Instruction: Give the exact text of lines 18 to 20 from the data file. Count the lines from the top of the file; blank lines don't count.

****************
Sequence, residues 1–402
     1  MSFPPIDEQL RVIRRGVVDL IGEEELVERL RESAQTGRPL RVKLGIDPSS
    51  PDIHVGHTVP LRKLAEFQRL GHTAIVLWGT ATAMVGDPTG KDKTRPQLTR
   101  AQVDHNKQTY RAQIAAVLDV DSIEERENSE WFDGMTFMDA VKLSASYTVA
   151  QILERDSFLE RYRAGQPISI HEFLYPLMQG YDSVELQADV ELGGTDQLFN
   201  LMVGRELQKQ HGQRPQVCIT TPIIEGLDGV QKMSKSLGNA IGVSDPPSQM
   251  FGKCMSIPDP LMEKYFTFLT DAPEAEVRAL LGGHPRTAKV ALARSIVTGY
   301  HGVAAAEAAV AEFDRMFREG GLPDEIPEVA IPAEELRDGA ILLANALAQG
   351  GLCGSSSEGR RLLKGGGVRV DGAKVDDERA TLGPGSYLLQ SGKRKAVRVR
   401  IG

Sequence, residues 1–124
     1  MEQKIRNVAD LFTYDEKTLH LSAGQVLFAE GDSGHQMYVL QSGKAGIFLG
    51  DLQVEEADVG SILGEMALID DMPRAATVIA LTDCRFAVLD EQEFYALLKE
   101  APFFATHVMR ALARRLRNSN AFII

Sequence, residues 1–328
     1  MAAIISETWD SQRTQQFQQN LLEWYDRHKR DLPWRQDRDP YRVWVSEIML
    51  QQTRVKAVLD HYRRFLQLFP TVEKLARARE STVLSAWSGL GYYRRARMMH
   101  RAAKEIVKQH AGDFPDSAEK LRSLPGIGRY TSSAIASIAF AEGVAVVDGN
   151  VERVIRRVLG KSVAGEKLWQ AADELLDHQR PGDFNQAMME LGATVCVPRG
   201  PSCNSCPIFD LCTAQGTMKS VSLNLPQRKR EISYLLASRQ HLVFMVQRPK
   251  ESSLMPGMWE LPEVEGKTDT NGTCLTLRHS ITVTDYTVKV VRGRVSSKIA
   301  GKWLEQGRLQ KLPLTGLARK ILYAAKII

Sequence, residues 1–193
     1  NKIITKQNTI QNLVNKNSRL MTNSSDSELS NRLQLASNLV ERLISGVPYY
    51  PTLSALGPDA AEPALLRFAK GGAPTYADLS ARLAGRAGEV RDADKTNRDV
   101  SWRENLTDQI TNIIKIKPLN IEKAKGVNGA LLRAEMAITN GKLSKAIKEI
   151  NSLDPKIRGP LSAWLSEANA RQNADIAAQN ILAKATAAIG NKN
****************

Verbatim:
   101  RAAKEIVKQH AGDFPDSAEK LRSLPGIGRY TSSAIASIAF AEGVAVVDGN
   151  VERVIRRVLG KSVAGEKLWQ AADELLDHQR PGDFNQAMME LGATVCVPRG
   201  PSCNSCPIFD LCTAQGTMKS VSLNLPQRKR EISYLLASRQ HLVFMVQRPK